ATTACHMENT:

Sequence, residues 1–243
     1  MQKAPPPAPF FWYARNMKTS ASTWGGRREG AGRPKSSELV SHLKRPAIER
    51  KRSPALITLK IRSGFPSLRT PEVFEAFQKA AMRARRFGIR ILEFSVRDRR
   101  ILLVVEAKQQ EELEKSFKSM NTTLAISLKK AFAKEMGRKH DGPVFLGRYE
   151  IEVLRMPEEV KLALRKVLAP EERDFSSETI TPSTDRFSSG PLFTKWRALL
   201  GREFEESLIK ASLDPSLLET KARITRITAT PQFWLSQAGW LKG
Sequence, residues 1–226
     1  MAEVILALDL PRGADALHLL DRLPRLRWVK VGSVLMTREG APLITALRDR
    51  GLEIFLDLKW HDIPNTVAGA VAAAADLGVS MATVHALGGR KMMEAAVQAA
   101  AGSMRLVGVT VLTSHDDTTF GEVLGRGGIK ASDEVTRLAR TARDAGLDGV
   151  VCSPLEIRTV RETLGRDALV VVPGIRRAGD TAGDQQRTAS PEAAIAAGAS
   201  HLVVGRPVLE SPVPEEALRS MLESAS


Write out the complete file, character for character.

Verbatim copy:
Sequence, residues 1–243
     1  MQKAPPPAPF FWYARNMKTS ASTWGGRREG AGRPKSSELV SHLKRPAIER
    51  KRSPALITLK IRSGFPSLRT PEVFEAFQKA AMRARRFGIR ILEFSVRDRR
   101  ILLVVEAKQQ EELEKSFKSM NTTLAISLKK AFAKEMGRKH DGPVFLGRYE
   151  IEVLRMPEEV KLALRKVLAP EERDFSSETI TPSTDRFSSG PLFTKWRALL
   201  GREFEESLIK ASLDPSLLET KARITRITAT PQFWLSQAGW LKG
Sequence, residues 1–226
     1  MAEVILALDL PRGADALHLL DRLPRLRWVK VGSVLMTREG APLITALRDR
    51  GLEIFLDLKW HDIPNTVAGA VAAAADLGVS MATVHALGGR KMMEAAVQAA
   101  AGSMRLVGVT VLTSHDDTTF GEVLGRGGIK ASDEVTRLAR TARDAGLDGV
   151  VCSPLEIRTV RETLGRDALV VVPGIRRAGD TAGDQQRTAS PEAAIAAGAS
   201  HLVVGRPVLE SPVPEEALRS MLESAS